During the time that I have worked on The Girl Who Wore Freedom, I have met a lot of very special people and heard many, many unforgettable stories. One person from all of these individuals has challenged the way I think about veterans more than any other, Ceo Bauer. Ceo Bauer served in the US Army 95th Infantry Division, 377th Regiment as a Private. These soldiers earned themselves the nickname “Iron Men of Metz” for the bravery and sacrifice during their assault on the German-fortified town of Metz, France in the fall of 1944. Bauer was wounded during the battle on November 8, 1944. Since this week marks the 75th anniversary of his “million-dollar” wound, I thought I would share this post from last Memorial Day that was inspired by the lesson I learned from my new friend CEO.
Originally published May 27, 2019
Many people here in the States have taken advantage of this long holiday weekend and get away with family and friends. Still more hit the pools and bar-b-que as this weekend marks the “unofficial” start of summer. Don’t forget the sales, according to the news the deals are as good as that other day in November. This weekend is also a great time to tackle those projects around the house and yard you have been ignoring all winter. I have spent many a Memorial weekend doing that and more because none of these things are bad. Thankfully, I live in a place where I have the freedom to choose how I celebrate this weekend.
Originally the last Monday in May was set aside to remember those that lost their lives while serving in our military. It was called Decoration Day and began shortly after the American Civil War as the widows and families of the war dead would go and decorate the graves of their loved ones.
Today the graves are still decorated, although its harder to find volunteers, flags flown from houses, parades, or even moments of silence. Some will fill their social media feed with reminders to remember those lost and thank a veteran. In the past, I have chosen to fill this weekend with many of these traditions as well.
I understood Memorial Day; as a historian, I had studied its beginning. As the daughter and granddaughter of veterans, I knew how to honor those that sacrificed. I have friends that are veterans who have lost brothers in combat, so I knew how to thank them for their service. It turns out I didn’t really know how to celebrate Memorial Day.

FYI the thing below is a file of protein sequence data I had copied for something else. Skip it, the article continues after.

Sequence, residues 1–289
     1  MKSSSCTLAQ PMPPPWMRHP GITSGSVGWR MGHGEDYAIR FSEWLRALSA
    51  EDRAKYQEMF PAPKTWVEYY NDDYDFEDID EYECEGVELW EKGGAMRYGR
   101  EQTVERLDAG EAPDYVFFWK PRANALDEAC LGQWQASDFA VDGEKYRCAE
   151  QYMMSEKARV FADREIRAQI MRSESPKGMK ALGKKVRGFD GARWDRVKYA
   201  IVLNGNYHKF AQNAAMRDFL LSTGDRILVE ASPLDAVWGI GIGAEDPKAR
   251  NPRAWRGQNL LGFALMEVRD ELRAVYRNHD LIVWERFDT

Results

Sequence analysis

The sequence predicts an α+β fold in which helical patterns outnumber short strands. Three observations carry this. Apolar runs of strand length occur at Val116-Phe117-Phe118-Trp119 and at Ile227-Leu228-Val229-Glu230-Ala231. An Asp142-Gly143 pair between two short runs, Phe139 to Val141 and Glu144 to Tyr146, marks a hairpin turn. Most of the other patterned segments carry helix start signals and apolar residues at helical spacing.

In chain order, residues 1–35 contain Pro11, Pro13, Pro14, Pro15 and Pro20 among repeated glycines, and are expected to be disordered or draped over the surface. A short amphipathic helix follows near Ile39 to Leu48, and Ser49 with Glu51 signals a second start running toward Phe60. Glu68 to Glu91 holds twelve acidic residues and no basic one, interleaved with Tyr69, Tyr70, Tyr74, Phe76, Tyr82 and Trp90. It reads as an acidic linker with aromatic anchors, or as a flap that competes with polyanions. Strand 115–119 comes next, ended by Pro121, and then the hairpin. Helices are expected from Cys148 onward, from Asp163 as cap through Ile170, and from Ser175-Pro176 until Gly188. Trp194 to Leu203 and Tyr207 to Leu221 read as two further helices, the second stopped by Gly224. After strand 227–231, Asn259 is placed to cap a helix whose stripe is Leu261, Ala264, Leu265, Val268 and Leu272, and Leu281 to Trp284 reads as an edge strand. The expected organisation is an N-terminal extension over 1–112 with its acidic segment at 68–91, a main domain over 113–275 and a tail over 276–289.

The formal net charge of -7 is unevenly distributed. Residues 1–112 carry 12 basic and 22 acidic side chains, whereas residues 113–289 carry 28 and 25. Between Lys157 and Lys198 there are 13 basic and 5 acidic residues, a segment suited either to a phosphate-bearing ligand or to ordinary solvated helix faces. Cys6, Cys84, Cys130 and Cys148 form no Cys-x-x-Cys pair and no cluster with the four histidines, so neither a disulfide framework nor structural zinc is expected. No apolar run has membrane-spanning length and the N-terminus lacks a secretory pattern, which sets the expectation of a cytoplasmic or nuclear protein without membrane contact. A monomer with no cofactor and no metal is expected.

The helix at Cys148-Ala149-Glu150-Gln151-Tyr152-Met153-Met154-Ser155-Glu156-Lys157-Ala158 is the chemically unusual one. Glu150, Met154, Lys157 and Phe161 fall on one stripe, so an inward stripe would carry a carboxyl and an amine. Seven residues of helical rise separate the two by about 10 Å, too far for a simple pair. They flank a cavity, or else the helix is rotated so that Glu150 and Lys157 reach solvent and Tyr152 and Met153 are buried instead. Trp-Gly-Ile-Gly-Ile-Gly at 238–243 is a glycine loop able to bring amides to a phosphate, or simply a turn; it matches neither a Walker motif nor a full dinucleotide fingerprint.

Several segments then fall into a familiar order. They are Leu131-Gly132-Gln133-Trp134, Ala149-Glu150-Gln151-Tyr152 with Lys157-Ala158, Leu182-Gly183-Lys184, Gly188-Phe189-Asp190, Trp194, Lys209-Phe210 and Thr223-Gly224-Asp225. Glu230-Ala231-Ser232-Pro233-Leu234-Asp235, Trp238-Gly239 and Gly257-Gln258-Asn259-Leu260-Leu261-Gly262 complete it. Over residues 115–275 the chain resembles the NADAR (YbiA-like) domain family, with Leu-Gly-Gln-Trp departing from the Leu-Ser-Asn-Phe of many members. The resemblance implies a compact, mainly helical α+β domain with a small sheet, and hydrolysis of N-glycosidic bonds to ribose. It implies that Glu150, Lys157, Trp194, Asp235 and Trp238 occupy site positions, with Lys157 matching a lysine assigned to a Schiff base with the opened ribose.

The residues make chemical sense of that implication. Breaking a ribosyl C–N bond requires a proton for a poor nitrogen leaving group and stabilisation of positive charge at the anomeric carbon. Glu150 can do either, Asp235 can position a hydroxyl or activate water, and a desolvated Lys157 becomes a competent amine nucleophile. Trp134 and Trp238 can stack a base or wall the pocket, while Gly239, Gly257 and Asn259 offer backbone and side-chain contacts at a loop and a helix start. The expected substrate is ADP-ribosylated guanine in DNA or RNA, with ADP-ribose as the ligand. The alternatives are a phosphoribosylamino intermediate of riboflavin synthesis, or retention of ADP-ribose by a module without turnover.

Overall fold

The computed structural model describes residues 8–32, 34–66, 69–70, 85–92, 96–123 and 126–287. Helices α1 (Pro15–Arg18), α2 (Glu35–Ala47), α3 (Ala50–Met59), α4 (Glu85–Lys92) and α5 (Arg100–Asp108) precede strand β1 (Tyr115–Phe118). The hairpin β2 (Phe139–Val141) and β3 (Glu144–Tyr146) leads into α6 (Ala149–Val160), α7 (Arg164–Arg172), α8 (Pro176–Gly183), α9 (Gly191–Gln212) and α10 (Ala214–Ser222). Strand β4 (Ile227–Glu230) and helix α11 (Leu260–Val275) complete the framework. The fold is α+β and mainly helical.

Six months ago, I began working with The Girl Who Wore Freedom project and, in that time, I have learned the best way of honoring the sacrifices of those served. The flags, the parades, the speeches and quiet moments are wonderful, but they don’t go far enough. The people of Normandy do all these same things, but they take their remembrances further. They demonstrate not just that they remember the sacrifice, but they cherish those that served and those that died. They express their gratitude by leaning in and listening well to the soldier’s stories and the stories of those that were lost.
You don’t have to take my word for it, watch Flo Plana interview veteran Ceo Bauer, US Army 95th Infantry Division:
The Normandy people, like Flo, do two things well. When interacting with veterans, they are already familiar with their history. Christian Taylor explained that because the French people understand the general history and details associated with when and how they served, they can move very quickly most past general topics and talk deeply and personally with the veterans. They also take the time to listen well. We live at a time in history where everything moves fast, and we all try to push as much as possible into every day. When Christian thanks her Norman friends for sacrificing their time for a veteran, they always respond, “It was no sacrifice, theirs was the sacrifice.”
This unique gratitude demonstrated by the French has literally changed lives. Christian many, many stories of soldiers worn down by time and their memories, then transformed due to the love and gratitude of the French people in Normandy. She has personally seen them walking taller, smiling wider, dancing and telling stories late into the night just like when they were young soldiers serving far from home. This transformation is not limited to only those lucky enough to return to Normandy. While researching a future article, I was blessed to see for myself how a few video calls and letters from France transformed one veteran burdened by his service and the loss of his brother during the war. Unsurprisingly, not just the veterans are changed, but so are their families and friends that also experience this life-changing gratitude.
We have so many freedoms, which we often take for granted, that were secured by men and women with their lives very far from the places that we call home.
Persian Gulf 383
Global War on Terror 6,951
(as of Nov 2018)
Each of these casualties has a name and a story to tell us. They have friends that fought beside them, and they also have a story to tell. They have families living with their loss that has a story to tell. This Memorial Day may we encourage you to find someone with a story of service and sacrifice to share and then slow down, lean in and listen well. Change a life with your gratitude.
Originally, this post came from the lessons I had learned from Ceo Bauer and others about how to truly honor those that have served and sacrificed. While Memorial Day is a time to honor and remember those that we have lost through their service, this Veteran’s Day provides an opportunity for each of us to honor all veterans. Last July, I was lucky enough to meet veterans Bob Devinney and Ceo Bauer at our Chicago event and spend a morning listening to their stories. May each of you be as lucky and have an opportunity to sit with a veteran, listen to their stories and change their life and yours.